Boccia can be played indoors or outdoors on a hard, flat surface in either individual or team play, socially or competitively, up to the Paralympic level. With assistive devices, boccia can be played by anyone, no matter their ability.
Boccia was practiced for many years as a leisure activity until it was introduced at the New York 1984 Paralympic Games as a competitive sport.
In Paralympic competition, it was originally presented as a sport for athletes with cerebral palsy (CP) but is now open to male and female athletes with severe locomotor disabilities of a cerebral or non-cerebral origin, including individuals with CP, stroke, traumatic brain injury, high-level spinal cord injuries, muscular dystrophy, multiple sclerosis, amyotrophic lateral sclerosis (Lou Gehrig’s Disease) and arthrogryposis.
Opponents then take turns trying to throw or bowl their game balls (six for each player per round) as close as possible to the target ball. The basic principle is to score as many points as possible by getting more of your own boccia balls closer to the jack than your opponent. The athlete, pair, or team whose ball is closest to the jack scores one point, and receives an additional point for every ball that sits closer to the jack than the opposition’s closest ball.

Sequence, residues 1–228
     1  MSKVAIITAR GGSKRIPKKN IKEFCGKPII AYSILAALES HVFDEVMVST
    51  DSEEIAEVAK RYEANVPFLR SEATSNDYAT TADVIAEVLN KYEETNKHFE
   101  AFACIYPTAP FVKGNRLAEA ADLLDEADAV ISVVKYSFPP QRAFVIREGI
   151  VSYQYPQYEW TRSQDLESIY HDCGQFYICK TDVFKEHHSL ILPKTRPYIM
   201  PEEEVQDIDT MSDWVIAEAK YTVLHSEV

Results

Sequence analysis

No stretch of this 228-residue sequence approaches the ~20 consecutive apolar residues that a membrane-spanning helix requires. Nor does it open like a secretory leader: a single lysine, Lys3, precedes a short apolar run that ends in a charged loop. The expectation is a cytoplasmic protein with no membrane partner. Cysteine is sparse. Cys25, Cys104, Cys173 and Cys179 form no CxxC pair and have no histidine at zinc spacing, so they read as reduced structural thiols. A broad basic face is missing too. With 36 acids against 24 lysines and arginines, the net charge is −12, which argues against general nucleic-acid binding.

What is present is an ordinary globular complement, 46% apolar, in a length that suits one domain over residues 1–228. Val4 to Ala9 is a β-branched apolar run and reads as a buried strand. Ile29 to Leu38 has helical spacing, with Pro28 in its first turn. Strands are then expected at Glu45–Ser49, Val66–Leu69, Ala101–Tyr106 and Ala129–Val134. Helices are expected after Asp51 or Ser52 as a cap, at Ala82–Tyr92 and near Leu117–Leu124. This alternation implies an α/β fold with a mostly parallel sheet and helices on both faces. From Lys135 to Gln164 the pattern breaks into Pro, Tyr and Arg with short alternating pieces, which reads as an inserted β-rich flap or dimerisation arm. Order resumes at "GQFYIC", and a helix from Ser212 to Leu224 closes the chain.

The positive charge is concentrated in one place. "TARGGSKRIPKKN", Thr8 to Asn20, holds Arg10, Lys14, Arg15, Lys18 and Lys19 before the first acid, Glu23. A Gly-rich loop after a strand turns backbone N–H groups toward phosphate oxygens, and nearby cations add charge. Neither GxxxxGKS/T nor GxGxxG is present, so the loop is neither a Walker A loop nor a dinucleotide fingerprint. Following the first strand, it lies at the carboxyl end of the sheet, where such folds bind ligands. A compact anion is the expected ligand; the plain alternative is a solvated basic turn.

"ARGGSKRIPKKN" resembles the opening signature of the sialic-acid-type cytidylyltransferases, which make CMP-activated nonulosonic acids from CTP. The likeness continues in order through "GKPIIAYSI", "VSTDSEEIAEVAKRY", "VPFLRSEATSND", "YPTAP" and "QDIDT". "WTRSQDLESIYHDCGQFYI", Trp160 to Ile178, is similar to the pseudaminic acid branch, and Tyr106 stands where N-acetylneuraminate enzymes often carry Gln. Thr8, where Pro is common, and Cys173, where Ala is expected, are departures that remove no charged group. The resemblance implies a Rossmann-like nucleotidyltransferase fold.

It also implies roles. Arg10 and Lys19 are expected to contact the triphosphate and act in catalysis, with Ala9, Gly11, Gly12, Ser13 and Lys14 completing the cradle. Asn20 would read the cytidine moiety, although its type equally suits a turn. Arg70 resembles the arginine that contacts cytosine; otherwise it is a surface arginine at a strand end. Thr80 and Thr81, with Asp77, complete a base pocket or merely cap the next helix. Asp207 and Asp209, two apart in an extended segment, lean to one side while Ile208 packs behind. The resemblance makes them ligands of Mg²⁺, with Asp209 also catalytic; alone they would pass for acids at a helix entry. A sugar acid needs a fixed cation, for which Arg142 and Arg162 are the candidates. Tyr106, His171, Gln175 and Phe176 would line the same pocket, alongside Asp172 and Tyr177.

In matches for individual and/or a pair, four rounds (or ends) are played. In a match for a team of three, six round are played. Whichever individual/team scores the most points, wins the match.
Boccia balls are made of many materials. Good quality boccia balls are soft enough to grasp, but hard enough to roll well on the court surface. Recreational boccia sets are readily available at sporting goods stores and large retail establishments.
- BC1 class athletes have cerebral palsy and may propel the ball with their hand or foot. They may have difficulty
gripping the ball so they are permitted an assistant to perform actions such as handing them the boccia balls.
- BC2 class athletes also have cerebral palsy, but have sufficient dexterity to manipulate and throw a ball and so are not eligible for assistance on the court.
- BC3 class athletes are athletes who have either cerebral palsy or other conditions. They have the highest level of impairment and are unable to throw or kick the ball consistently into play. They will use assistive devices (ramps, arm or mouth aids) to propel the ball. They may have a sports assistant who they instruct to position the ramp for each delivery. There are very specific rules when a sports assistant is used. The assistant is not allowed to view the playing court and must follow specific instructions from the player at all times.
- BC4 athletes are those who do not have cerebral palsy and were first included in the Games in 2004. They do not have spasticity, ataxia, or athetosis, but must have severely limited function, strength, and coordination in all extremities. Disabilities in this category include muscular dystrophy, multiple sclerosis or motor neuron diseases.